The weight I’m carrying right now makes me feel sluggish, unhealthy, and puts me in the overweight category, which can come with health risks and have a negative impact on my overall well being. The weight I’m carrying is emotional weight; it reminds me that I’ve been using food as a coping mechanism instead of finding healthy ways to deal with stress. The extra weight is a reminder that I have dealt with a lot of pain this past year and that I’m not only carrying it mentally, but physically too.

I want to lose the extra weight because it symbolizes what I have gone through emotionally and it is a product of something negative. 

The body positivity movement tells me that I should love my body at any size, and while I agree that all bodies are worthy of love at any size, I don’t feel like myself at the size I am now and I know I got here by not taking care of myself and my health. I want to feel healthier and be able to complete a workout without feeling like I’m going into cardiac arrest. I want to have stamina and strength and feel strong and energetic.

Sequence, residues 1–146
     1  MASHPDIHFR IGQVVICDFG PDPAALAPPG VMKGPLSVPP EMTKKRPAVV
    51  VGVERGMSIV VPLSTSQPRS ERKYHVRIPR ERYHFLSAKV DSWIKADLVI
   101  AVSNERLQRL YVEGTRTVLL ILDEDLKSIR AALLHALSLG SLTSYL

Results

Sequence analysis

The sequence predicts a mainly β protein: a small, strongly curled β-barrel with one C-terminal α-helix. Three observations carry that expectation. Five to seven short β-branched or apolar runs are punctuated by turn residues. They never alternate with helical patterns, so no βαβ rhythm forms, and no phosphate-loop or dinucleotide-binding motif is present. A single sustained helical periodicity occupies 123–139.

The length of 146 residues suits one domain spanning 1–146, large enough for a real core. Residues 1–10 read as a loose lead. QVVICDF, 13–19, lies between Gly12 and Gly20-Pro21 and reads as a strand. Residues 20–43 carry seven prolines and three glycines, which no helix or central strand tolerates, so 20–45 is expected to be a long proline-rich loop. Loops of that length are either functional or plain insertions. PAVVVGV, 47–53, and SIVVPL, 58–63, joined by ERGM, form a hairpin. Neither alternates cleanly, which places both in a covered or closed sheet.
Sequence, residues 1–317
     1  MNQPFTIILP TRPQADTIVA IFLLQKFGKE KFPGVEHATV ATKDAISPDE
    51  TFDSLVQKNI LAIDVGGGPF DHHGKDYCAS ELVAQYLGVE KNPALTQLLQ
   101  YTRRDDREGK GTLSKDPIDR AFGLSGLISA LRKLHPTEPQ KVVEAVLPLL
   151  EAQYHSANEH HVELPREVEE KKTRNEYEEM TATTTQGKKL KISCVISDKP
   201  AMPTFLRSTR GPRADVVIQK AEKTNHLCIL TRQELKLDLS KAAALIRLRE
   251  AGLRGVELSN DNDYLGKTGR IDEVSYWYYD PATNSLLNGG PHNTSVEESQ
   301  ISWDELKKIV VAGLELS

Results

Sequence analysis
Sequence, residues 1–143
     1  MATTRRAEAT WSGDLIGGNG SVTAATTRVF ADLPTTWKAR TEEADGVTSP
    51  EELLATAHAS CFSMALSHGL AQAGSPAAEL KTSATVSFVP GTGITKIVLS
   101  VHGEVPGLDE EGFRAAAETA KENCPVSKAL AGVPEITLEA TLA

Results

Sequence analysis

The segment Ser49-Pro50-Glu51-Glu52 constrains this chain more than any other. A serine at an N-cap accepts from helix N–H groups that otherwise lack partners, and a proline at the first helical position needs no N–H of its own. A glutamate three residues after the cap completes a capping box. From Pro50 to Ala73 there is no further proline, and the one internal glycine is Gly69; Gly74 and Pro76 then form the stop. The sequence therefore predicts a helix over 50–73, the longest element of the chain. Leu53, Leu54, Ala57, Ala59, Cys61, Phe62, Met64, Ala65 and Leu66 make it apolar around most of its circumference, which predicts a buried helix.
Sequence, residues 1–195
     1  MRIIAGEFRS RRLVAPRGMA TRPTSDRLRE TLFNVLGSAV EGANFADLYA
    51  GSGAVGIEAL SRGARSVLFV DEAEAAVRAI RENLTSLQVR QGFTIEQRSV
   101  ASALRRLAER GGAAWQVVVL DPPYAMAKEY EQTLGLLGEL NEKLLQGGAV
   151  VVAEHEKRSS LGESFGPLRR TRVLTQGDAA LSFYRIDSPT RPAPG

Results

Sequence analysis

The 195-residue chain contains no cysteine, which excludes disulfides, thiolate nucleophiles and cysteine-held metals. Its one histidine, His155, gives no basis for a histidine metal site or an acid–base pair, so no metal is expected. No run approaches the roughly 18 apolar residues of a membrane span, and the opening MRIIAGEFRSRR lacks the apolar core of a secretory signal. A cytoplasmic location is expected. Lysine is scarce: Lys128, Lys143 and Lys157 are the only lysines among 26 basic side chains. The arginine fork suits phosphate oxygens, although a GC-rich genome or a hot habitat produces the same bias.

I am curvaceous by nature and I embrace it, even at a smaller weight I will always be fuller in the hips, butt and thighs, and although I once tried to fight against my body’s natural curves as an adolescent, I have grown to love it. I accept and love my body’s natural shape and I’m not trying to achieve something that is unsustainable for my body type.  I want to show my body love by eating better, exercising, finding positive ways to deal with stress and getting back to a weight that is healthy for me.

I think it’s okay to both love your body and want to make positive healthy changes in your life that may ultimately lead to carrying less weight and feeling better all around. Overall I don’t think we should shame anyone for their own personal journey with body love, because it’s different for everyone.